Time magazine began rolling out a redesign of its web and mobile sites Wednesday night in a bid to start punching in the same digital weight class as CNN, The Huffington Post and The New York Times.
The new site will introduce large native ad units that unfurl as readers scroll among editorial stories. Some traditional display units are also getting a refresh, with ads for Citi pulling elements from a smaller display unit on the left side to a large box in the middle of the page.
"We're rethinking the way ads should look," said Jed Hartman, group publisher of news and business at Time Inc., which includes Time magazine. Siemens, Advil and Citi are sponsors for the redesign, he added.
The new site will also includes a dizzying panoramic picture from the top of Manhattan's One World Trade Center. The image accompanies a 6,000-word magazine article on the tower as well as a digital documentary from Time's Red Border films. Advil sponsored the editorial package.
The rollout comes just days before Time's onetime mortal enemy, Newsweek, reintroduces a print magazine to newsstands. Newsweek went all-digital at the end of 2012, when Barry Diller's IAC/InteractiveCorp still owned the title, with the coverline "#LASTPRINTISSUE." Mr. Diller sold the magazine last August to IBT Media, which eventually decided to bring Newsweek back to the ink-on-paper game, albeit with far smaller circulation than before.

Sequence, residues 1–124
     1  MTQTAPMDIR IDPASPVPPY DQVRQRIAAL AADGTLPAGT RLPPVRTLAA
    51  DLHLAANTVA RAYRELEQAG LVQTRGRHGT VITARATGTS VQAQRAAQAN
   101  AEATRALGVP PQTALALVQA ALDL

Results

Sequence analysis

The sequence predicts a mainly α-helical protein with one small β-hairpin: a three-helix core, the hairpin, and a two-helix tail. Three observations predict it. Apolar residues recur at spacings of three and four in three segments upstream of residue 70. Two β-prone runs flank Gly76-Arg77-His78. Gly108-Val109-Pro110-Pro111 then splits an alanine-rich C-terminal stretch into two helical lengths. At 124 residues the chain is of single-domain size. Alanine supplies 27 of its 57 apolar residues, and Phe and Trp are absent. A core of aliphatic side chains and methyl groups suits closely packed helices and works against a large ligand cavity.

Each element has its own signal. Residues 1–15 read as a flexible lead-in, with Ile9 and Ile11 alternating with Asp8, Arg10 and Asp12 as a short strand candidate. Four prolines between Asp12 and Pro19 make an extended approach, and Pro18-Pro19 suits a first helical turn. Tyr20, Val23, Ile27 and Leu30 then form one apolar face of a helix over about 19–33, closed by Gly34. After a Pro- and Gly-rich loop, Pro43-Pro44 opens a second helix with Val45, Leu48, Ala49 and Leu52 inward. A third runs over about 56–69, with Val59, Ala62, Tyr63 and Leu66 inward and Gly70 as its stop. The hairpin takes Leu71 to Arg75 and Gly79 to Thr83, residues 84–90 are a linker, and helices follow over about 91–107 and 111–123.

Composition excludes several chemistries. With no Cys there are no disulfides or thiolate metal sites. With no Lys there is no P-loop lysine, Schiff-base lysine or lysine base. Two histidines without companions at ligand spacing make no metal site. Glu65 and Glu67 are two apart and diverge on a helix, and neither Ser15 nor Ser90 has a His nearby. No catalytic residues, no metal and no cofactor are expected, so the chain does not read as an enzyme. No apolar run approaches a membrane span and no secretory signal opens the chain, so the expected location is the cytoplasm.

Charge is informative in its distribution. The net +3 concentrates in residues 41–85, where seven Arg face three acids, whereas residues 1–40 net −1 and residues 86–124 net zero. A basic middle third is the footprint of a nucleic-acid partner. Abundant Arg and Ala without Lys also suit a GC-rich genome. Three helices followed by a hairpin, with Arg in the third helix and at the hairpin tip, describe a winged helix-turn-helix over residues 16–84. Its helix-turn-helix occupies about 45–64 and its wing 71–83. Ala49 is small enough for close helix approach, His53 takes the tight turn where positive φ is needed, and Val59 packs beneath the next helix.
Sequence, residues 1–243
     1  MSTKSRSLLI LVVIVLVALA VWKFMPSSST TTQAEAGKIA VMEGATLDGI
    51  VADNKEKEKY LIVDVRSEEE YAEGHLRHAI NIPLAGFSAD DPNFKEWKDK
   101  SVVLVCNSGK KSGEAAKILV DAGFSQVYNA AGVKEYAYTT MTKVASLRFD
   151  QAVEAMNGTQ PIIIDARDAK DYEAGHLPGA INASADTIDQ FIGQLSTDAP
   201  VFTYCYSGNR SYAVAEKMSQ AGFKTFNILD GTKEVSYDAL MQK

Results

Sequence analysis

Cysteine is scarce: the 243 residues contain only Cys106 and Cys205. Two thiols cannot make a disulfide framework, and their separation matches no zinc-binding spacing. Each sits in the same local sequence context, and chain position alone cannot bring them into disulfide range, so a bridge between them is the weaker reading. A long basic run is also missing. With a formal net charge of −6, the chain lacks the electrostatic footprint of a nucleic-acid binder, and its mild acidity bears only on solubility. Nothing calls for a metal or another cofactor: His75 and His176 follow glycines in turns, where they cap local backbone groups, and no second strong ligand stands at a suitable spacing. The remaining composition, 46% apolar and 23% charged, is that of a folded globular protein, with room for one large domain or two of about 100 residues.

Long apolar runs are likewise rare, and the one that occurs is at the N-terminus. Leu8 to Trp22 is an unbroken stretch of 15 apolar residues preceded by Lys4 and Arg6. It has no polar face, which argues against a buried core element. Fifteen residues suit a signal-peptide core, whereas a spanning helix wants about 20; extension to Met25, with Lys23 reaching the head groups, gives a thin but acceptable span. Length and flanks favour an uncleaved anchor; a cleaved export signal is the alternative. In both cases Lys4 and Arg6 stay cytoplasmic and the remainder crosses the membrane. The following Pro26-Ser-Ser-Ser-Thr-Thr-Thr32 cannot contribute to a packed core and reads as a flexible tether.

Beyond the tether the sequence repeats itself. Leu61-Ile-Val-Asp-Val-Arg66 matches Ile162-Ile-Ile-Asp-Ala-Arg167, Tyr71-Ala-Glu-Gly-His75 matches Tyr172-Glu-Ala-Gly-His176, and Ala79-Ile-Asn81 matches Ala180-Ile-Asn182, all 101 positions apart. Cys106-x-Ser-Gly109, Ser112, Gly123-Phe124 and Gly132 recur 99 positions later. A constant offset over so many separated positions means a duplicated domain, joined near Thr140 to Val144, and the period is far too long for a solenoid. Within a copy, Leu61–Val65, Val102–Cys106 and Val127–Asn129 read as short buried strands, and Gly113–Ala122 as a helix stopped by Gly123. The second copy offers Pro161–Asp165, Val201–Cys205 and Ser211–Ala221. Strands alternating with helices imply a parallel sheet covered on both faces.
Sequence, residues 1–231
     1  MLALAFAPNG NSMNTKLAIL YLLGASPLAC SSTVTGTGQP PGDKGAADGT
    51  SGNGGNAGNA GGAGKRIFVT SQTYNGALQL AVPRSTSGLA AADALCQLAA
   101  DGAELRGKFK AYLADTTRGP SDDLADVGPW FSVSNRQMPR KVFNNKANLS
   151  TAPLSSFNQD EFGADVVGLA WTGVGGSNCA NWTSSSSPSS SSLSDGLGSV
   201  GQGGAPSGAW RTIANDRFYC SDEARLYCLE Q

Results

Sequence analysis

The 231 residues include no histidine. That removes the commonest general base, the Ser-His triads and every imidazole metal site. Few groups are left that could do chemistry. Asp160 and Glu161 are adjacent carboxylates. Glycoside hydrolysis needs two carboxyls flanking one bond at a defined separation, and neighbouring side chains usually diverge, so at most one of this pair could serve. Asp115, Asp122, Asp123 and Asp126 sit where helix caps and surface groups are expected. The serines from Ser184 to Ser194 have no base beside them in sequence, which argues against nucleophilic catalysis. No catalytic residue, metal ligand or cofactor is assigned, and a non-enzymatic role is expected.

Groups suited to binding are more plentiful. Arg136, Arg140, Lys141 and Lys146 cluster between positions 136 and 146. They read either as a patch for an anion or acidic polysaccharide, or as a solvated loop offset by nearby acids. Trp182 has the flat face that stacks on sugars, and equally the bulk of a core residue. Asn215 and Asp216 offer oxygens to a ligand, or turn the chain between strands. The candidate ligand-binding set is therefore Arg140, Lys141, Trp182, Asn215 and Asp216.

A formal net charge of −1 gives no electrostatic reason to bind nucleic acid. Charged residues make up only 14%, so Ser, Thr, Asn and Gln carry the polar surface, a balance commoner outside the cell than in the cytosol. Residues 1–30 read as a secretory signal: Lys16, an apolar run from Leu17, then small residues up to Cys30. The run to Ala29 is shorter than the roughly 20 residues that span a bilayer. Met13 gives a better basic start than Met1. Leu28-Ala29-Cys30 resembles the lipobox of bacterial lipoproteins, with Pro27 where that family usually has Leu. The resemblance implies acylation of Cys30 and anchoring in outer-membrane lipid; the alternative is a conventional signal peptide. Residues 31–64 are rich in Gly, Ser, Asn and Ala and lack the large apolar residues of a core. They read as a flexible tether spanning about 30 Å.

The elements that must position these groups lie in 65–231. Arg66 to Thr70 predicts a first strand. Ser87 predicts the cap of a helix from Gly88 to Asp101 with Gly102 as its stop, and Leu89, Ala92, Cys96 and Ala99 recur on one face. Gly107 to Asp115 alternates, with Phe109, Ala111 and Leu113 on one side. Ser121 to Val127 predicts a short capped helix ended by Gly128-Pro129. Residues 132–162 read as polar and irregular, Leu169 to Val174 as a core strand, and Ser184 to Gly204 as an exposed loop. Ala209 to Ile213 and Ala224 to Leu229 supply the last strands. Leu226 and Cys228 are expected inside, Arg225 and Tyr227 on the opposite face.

Time and Newsweek executives said the similar timing of their digital and print initiatives this week was a coincidence, but it helps frame publishers' dilemmas and changing priorities in the media business today.
Since April, Time has hired 35 people to fill digital roles across editorial, business and development. It's also increased its monthly unique visitors to 12.1 million in January, a 26% increase from the month a year earlier, according to ComScore. That doesn't include mobile visitors, which Time says comprise nearly half the brand's traffic. CNN's desktop site, by comparison, drew nearly 40 million unique visitors in January, according to ComScore.
The bulk of Time's revenue comes from print advertising and subscriptions, but the redesign aims to further expand its digital presence. "It was long overdue," said George Janson, managing partner and director of print for Group M, of the redesign. "There are going to be a lot of eyes on this to see how it actually materializes."
Time parent Time Inc. is spinning off from parent Time Warner in the second quarter, meaning the publishing company won't have thriving entertainment businesses to help shelter it during rough weather. Time is a key part of the company's strategy going forward, according to Time Editor Nancy Gibbs.